An insurance adjustor’s take on closing the gap between restoration contractors and insurers
ace it, restoration professionals, the insurance industry considers you neither friend nor ally. The motivation behind the concepts of unit cost estimating, 10 percent overhead, 10 percent profit and even estimating software was to reduce the cost of a claim and damper your profits. The reason they study remediation methodology is not to be more knowledgeable to extend better service. It’s to better identify differences in scoping and price and minimize what they perceive to be excessive or exaggerated costs.
The reason an insurer argues against assignment of benefits (AOB), a legal agreement that allows a prop- party owner to sign over its rights (to a contractor) to sue its insurer for misconduct in the payment (or lack of payment) of a claim, is to remain in control of a claim without merit and excessively priced.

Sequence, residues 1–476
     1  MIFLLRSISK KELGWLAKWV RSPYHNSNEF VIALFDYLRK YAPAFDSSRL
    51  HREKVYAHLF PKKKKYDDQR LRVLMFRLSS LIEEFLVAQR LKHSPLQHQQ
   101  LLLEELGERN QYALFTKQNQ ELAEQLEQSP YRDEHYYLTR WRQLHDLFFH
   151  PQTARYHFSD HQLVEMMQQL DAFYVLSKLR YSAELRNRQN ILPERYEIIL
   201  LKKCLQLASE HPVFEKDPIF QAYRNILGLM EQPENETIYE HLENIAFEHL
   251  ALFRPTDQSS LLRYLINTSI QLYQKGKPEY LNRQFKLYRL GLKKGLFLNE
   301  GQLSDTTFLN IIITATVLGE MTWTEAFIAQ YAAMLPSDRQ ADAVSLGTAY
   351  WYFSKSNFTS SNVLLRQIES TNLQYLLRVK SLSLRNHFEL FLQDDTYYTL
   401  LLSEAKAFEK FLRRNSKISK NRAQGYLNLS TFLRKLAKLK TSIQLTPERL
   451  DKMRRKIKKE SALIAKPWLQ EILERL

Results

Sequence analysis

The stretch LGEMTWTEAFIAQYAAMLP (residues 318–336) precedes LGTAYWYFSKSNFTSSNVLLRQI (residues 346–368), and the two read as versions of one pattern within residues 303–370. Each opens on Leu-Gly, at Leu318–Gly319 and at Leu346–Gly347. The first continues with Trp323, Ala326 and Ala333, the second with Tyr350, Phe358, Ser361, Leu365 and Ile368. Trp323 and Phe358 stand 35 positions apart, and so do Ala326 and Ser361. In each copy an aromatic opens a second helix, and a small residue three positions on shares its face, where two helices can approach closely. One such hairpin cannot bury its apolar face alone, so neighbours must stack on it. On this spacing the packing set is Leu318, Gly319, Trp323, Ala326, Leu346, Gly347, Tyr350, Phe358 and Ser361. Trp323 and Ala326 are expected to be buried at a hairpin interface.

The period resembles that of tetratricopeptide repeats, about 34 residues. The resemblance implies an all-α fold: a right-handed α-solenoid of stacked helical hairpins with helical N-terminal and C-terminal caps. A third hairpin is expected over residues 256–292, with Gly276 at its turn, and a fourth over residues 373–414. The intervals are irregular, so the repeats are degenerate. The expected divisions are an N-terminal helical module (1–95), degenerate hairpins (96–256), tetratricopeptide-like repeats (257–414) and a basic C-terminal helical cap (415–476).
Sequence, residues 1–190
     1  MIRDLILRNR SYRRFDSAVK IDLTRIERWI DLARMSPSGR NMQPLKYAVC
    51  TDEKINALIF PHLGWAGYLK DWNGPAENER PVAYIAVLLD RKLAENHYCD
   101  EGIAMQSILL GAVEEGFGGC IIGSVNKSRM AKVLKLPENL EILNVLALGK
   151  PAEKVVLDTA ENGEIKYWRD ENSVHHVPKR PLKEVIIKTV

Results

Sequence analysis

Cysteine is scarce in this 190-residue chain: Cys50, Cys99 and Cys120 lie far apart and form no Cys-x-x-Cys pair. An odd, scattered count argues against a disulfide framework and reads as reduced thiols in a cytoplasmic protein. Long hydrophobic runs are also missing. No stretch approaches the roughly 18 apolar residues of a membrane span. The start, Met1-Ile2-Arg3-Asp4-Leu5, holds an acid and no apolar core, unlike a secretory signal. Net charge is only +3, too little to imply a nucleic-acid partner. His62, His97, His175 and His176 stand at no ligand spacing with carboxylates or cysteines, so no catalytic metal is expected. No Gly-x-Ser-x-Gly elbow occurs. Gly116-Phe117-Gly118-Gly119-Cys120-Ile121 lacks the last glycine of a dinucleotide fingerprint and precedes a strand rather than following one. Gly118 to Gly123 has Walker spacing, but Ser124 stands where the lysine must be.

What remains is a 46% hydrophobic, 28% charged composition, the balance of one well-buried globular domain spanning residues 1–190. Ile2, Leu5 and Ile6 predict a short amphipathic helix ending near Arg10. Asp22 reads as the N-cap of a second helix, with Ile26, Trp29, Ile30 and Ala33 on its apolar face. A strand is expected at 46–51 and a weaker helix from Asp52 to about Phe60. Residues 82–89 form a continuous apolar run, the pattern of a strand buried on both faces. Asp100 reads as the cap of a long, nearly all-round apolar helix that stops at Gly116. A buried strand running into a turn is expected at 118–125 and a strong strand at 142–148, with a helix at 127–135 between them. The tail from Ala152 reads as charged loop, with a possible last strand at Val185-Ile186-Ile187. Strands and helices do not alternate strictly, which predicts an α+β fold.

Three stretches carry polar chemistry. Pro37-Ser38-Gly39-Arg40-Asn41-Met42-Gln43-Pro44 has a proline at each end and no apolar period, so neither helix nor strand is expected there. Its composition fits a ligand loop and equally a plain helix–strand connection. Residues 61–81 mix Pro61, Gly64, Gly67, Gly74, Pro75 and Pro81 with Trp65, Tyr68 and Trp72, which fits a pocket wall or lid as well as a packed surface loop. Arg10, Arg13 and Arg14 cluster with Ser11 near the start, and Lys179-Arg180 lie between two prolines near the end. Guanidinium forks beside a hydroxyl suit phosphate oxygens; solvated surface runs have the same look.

Whenever insurers want you to accept an arrangement — or malign the concept of AOB — that appears to be contrary to your own interests (and the interests of an aggrieved policyholder), they’ll urge you to acquiesce by reminding you that “it’s all about the policyholder.” And yet they’ll lobby for legislation that would appear to be against the interests of the policyholder.
So what is their game? It’s all about the profit. They’ll never say it because it’s not politically or commercially expedient. But it’s all about the profit.